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The Elbphilharmonie Organ

Two films explain all about the king of instruments, the pipe organ, in the Elbphilharmonie.

Ich glaube, diese Orgel kann alles.

Organistin Iveta Apkalna

Mozart called it »the king of instruments«: the pipe organ. The Elbphilharmonie organ measures 15 x 15 metres and weighs 25 tons; 45 organ builders spent 25,000 man-hours constructing it. A majestic musical instrument, brought to life in the Organ Workshop Philipp Klais in Bonn, Germany.

Iveta Apkalna

Like any instrument, the organ needs tuning before it can first be played. But where guitarists just turn six tuning pegs, and a trumpeter pushes the slide to and fro for a moment, tuning an organ properly calls for a whole team of experts. The new organ in the Elbphilharmonie has no fewer than 4,765 pipes, and thousands of adjustments and a lot of perseverance is needed until each individual pipe sounds just the way in the Grand Hall that organ builder Philipp Klais intended it to.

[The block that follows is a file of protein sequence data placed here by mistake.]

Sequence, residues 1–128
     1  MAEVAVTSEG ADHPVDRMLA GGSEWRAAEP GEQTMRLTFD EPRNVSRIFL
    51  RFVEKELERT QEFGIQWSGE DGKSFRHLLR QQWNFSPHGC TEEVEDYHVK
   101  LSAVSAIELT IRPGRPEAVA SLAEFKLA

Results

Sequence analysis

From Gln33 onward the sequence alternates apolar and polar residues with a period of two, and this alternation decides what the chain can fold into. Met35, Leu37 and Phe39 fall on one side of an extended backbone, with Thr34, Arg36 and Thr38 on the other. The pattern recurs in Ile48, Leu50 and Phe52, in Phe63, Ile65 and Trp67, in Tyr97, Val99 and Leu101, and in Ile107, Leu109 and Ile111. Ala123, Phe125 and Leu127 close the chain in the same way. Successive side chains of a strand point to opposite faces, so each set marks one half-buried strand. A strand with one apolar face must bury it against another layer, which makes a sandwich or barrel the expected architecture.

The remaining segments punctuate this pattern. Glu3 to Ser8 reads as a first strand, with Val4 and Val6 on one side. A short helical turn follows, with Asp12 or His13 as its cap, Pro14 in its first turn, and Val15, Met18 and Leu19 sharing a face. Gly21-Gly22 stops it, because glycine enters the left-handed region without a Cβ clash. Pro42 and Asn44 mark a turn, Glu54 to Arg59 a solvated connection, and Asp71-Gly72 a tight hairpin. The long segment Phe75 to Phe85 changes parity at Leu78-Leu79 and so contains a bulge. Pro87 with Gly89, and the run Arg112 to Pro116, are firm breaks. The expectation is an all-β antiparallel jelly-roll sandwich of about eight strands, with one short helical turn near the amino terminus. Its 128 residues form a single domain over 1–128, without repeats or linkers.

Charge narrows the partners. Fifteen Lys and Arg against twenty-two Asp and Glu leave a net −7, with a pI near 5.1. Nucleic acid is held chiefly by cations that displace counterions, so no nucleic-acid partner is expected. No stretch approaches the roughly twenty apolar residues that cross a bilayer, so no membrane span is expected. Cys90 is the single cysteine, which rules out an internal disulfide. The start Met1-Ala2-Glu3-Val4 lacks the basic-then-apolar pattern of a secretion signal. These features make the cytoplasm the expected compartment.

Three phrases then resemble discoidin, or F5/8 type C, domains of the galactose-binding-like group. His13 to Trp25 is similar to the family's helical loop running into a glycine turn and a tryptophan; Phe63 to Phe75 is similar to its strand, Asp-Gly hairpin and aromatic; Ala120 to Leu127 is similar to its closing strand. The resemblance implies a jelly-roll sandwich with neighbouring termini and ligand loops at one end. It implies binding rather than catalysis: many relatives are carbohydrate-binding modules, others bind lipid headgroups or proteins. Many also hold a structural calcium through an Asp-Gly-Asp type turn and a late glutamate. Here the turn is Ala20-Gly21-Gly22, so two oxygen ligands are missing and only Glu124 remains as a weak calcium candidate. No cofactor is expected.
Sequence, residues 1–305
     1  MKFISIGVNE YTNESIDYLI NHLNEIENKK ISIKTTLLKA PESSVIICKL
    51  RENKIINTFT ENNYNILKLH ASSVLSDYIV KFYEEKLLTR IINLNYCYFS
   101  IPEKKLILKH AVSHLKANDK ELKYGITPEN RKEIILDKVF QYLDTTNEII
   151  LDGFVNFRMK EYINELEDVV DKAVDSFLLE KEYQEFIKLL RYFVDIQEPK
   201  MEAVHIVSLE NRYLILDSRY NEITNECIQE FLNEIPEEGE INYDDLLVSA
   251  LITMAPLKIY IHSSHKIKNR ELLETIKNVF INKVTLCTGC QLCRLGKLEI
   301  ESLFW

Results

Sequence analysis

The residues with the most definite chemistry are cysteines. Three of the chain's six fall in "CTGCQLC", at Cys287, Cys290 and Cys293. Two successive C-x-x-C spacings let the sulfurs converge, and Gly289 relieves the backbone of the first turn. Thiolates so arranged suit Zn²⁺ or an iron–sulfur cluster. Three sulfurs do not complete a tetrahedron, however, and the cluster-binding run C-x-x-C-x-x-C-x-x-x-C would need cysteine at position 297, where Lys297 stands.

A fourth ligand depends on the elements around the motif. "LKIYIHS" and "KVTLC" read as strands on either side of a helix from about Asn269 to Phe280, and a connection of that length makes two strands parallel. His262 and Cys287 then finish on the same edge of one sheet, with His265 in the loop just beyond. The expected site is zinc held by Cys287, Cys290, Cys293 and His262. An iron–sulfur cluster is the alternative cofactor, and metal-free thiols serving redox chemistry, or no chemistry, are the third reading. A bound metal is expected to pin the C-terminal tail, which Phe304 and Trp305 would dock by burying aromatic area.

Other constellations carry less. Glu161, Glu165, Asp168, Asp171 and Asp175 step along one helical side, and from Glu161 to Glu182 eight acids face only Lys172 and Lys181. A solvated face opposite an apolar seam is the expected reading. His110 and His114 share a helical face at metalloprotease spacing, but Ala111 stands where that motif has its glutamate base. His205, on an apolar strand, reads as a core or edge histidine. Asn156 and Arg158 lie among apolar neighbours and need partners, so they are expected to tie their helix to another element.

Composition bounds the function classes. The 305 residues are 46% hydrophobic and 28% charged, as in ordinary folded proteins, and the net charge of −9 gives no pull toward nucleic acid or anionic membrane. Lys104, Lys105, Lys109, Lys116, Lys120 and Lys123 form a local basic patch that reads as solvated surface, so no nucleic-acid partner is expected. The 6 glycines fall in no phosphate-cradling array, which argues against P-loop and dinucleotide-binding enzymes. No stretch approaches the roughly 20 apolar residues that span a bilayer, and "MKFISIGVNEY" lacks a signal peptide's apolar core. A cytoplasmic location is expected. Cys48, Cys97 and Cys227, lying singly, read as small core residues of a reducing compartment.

It took three months to set the instrument up in the Elbphilharmonie Grand Hall. And even once all the pipes were in place and working properly, the organ builders’ labours weren't over: there followed another three months of voicing work, where every individual pipe was checked once more and its sound meticulously adjusted to fit the surroundings.

Philipp C.A. Klais

Elbphilharmonie organist, Iveta Apkalna, believes that all the fine-tuning paid off: »There’s nothing this organ can’t do! It sounds warm and round, with lots of beautiful ground tones that come from all over, and from the depths. This sound embraces the audience!«

More about the Elbphilharmonie’s pipe organ